From the sweary t-shirt to the flame-flecked hockey mask, it's his character, not Brink Soldier #4. As you kill, assist and snag objectives, you'll earn experience points - which in turn open up new customisation options. "You do become a bigger and bigger badass as you play through the game," says Wedgewood. Your appearance doesn't affect your abilities, but your very flesh will scream how experienced a player you are.
Even weapons visibly transform into violent new absurdities as he applies modifications to them - scopes, stocks, tommy-gun ammo clips, six-vent muzzles... The guns might not be as openly insane in function as Borderlands' physics-defying arsenal of randomness, but they sure look the part. "You can create these really mad weapons," enthuses Wedgewood as he equips his Resistance goon with something apparently made from Meccano.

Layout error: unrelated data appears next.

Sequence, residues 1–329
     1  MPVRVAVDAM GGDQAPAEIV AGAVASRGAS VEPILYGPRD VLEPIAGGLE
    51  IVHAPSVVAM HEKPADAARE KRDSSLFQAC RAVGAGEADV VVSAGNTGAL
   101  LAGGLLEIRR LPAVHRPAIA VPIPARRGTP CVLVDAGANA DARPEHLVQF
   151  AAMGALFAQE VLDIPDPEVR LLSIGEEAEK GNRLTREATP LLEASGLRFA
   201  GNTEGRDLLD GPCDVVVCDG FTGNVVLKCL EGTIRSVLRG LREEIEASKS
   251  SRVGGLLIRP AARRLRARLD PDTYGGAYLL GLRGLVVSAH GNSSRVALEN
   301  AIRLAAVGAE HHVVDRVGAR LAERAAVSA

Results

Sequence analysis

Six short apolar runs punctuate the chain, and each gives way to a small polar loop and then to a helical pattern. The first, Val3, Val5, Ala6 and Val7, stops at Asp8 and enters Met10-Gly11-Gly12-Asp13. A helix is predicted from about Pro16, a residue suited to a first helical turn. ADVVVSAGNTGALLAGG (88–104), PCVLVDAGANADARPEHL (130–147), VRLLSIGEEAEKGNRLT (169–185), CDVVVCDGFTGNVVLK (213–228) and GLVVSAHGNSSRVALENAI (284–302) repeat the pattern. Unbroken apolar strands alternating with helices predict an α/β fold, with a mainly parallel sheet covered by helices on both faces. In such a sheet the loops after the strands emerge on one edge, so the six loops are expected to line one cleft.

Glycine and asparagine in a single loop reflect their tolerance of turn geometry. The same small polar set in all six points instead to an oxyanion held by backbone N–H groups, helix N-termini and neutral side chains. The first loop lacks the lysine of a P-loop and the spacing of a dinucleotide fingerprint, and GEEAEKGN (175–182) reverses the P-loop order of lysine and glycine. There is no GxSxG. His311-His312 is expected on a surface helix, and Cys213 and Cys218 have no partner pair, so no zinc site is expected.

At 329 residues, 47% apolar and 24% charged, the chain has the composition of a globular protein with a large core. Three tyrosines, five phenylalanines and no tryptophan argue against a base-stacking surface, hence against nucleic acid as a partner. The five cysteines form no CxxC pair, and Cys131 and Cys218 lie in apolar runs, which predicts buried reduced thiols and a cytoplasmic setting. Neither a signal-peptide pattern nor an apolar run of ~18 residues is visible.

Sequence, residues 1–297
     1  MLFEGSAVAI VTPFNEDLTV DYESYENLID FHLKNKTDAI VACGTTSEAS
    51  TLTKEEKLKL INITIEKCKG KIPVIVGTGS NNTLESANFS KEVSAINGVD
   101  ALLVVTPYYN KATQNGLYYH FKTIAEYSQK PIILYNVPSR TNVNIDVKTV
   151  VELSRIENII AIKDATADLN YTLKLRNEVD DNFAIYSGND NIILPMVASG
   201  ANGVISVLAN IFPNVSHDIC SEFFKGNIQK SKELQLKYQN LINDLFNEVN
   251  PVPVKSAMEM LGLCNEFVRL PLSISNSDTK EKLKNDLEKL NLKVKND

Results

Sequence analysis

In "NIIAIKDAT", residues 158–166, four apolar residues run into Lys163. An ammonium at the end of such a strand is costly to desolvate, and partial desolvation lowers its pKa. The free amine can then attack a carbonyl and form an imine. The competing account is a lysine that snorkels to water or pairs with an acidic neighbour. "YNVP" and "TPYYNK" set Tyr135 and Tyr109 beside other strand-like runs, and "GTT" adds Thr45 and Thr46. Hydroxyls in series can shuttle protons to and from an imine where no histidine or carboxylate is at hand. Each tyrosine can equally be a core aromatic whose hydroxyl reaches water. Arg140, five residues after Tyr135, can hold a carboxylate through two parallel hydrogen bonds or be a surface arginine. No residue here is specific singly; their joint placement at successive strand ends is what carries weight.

Special abilities come into play too, and these are improved by your level. As many of the better ones buff your team-mates rather than simply over-power their possessor, however, they shouldn't tip the odds in higher-level players' favour too much. The Operative class (read: Spy, who can also temporarily disguise himself as an enemy player), for instance, could treat himself to a spot of Comms, which lets him scan the body of a downed enemy, hack into his HUD and be very briefly informed as to where all his allies are. The Medic, meanwhile, could choose to buff allies' health, or to be granted a one-shot self-resurrection. The mentality behind the impressively large range of bonus abilities is variety, not advantage. Everyone's going to have a few cool toys which suit their own play style.
All these things - the classes, that clothing, those abilities - can be swapped out between matches and/or respawns. You're not locked into being something. Well, mostly. There is one immutable choice. That's your weight. If you're a fattie, you're staying a fatty. If you have the build of Old Man Steptoe, you're not going to be bench-pressing anything heavier than a kitten.